While a web server cache 106 has been implemented to store HTTP response data, the cache 106 has been controlled in an unsophisticated manner. Thus, it has not been possible for a HTTP daemon processing HTTP requests to predict if a data object is likely to be accessed in the future and therefore indicate whether the data object should be cached in an in-kernel cache. Similarly, it would be desirable to obtain permission by the HTTP daemon prior to use of an in-kernel cached data object for the purpose of access control of that data by a client sending a HTTP request.
In view of the above, it would be desirable to enable a web server to control an in-kernel cache with a minimum of memory and processing resources. In addition, it would be preferable if such a system could be implemented on a Unix network.
The present invention provides methods and apparatus for managing a HTTP cache and the transmission of HTTP response data in a web server. Through the transmission of one or more cache control indicators between a HTTP daemon and a cache manager managing an in-kernel HTTP cache, the information that is stored in the HTTP cache may be controlled. In addition, the transmission of response data to a client sending a HTTP request may be monitored and controlled in accordance with one or more of the cache control indicators.
In accordance with one embodiment, the cache control indicators may be used to control information that is stored in the in-kernel HTTP cache as well as the information that is transmitted to a client. An advisory state may be used to indicate that the cache manager must obtain permission from the HTTP daemon prior to transmitting a HTTP response to a client. For instance, the advisory state may be stored along with response data in the cache. When time sensitive information such as stock information is stored, it may be desirable to obtain permission from the HTTP daemon to transmit this potentially outdated information. When permission is requested from the HTTP daemon, the HTTP daemon may return a cache advise state to control information that is stored in the HTTP cache as well as the information that is transmitted to a client. For instance, when the cache advise state is NONE, the cache manager may transmit response data (e.g., stored in the HTTP cache). As another example, when the cache advise state is REPLACE, a specified set of data in the HTTP cache is to be replaced with a second set of data. As yet another example, when the cache advise state is FLUSH, this indicates to the cache manager that a set of data in the HTTP cache is to be flushed from the cache. As another example, the HTTP daemon may set the advise state to TEMP to communicate to the cache manager that the response data is temporary and therefore is to be transmitted to the client and not stored in the HTTP cache. Finally, a cache state may be used to indicate whether the response data is to be cached by the cache manager.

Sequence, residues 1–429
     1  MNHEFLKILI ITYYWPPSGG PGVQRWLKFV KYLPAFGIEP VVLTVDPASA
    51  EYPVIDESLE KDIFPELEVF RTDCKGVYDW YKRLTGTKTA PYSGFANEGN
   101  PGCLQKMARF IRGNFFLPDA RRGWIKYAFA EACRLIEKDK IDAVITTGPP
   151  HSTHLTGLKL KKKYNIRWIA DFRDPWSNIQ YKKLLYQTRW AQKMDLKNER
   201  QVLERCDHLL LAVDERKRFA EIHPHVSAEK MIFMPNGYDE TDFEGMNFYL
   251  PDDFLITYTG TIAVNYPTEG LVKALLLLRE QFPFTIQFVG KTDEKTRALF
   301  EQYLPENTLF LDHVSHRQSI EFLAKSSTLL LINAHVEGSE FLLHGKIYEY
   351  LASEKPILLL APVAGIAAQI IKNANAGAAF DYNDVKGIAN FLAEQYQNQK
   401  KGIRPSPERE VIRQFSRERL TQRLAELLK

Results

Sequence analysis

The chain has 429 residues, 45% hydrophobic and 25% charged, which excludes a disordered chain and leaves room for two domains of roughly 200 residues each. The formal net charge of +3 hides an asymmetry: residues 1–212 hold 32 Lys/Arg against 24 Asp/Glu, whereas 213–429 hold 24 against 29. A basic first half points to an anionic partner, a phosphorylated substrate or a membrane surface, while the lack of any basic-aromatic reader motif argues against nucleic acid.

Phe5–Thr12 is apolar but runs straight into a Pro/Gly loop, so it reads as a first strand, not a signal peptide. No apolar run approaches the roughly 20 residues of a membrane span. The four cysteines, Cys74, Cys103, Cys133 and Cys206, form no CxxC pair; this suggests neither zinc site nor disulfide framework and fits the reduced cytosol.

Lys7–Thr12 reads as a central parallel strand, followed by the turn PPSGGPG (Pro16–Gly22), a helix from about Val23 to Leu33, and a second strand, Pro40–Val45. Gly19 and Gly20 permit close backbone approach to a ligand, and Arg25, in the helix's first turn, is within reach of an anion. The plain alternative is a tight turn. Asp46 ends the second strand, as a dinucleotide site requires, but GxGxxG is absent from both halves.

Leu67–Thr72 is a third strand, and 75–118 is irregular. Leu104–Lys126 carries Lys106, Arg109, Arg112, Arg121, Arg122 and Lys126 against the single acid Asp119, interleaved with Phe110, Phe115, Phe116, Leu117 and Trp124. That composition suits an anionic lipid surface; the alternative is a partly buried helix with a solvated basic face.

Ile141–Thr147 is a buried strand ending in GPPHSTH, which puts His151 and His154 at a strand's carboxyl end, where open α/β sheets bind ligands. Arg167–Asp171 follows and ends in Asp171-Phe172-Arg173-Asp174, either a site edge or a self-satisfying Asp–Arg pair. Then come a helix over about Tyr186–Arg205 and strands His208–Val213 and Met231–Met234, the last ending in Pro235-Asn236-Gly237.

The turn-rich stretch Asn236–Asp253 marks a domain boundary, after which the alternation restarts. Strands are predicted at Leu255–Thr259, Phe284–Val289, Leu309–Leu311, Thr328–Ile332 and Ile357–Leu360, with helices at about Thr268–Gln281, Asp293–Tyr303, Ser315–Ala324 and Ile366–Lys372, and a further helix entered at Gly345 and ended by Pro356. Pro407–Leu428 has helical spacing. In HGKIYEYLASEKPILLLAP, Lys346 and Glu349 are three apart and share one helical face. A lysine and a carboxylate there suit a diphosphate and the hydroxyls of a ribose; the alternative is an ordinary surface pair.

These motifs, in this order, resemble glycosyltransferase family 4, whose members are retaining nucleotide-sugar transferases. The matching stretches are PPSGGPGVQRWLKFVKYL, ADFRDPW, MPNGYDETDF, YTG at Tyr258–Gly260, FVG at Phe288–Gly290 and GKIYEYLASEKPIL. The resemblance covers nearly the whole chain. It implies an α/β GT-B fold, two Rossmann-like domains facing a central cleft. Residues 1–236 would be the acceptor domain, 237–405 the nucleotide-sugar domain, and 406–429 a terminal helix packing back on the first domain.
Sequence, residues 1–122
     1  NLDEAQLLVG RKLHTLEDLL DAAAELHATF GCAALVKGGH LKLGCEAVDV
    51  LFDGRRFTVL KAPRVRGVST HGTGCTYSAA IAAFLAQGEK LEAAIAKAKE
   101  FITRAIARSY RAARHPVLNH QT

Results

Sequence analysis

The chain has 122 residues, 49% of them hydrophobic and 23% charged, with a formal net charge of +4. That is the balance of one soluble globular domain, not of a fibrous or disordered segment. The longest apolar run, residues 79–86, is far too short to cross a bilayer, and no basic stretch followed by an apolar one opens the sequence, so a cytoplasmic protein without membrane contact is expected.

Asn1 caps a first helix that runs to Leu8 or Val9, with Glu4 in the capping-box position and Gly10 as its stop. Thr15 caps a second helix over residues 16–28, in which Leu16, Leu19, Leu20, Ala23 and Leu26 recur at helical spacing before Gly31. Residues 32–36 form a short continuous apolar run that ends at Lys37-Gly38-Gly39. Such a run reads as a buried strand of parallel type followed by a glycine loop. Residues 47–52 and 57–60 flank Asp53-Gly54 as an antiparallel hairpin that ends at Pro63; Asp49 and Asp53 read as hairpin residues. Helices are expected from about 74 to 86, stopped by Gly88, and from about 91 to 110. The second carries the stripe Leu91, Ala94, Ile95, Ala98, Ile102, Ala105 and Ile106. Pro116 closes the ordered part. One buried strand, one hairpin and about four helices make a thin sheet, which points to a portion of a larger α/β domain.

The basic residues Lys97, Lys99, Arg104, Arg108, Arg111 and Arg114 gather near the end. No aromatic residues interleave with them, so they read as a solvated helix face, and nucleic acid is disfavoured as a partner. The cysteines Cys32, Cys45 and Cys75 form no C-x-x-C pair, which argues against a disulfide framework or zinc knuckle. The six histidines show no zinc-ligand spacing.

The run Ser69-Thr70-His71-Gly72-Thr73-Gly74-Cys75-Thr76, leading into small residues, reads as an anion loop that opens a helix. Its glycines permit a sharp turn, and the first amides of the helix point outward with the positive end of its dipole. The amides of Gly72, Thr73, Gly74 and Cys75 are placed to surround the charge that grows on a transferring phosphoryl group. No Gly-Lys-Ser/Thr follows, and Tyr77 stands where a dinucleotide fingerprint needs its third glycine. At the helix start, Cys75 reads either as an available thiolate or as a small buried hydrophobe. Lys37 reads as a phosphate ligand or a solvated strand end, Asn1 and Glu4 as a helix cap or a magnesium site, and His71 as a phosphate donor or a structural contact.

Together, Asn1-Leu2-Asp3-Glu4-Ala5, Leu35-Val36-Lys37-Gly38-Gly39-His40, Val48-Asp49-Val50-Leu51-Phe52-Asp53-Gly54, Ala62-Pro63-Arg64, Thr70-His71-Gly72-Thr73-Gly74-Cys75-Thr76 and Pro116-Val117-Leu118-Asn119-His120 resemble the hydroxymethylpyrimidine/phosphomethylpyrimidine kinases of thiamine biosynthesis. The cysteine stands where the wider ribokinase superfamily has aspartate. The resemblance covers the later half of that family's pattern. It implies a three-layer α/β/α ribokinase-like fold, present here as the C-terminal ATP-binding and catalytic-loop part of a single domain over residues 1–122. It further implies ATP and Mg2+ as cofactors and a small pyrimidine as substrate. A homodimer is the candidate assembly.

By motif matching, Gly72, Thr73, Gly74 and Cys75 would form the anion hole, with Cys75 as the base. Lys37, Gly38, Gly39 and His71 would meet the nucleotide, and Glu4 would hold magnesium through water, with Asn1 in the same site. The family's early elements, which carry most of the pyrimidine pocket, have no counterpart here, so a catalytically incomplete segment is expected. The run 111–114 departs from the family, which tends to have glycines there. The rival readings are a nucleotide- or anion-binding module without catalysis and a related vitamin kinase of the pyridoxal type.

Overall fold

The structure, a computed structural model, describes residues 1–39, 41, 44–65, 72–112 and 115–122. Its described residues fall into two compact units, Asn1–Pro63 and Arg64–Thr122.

The invention, together with further advantages thereof, may best be understood by reference to the following description taken in conjunction with the accompanying drawings in which:
In the following description, numerous specific details are set forth in order to provide a thorough understanding of the present invention. It will be apparent, however, to one skilled in the art, that the present invention may be practiced without some or all of these specific details. In other instances, well known process steps have not been described in detail in order not to unnecessarily obscure the present invention.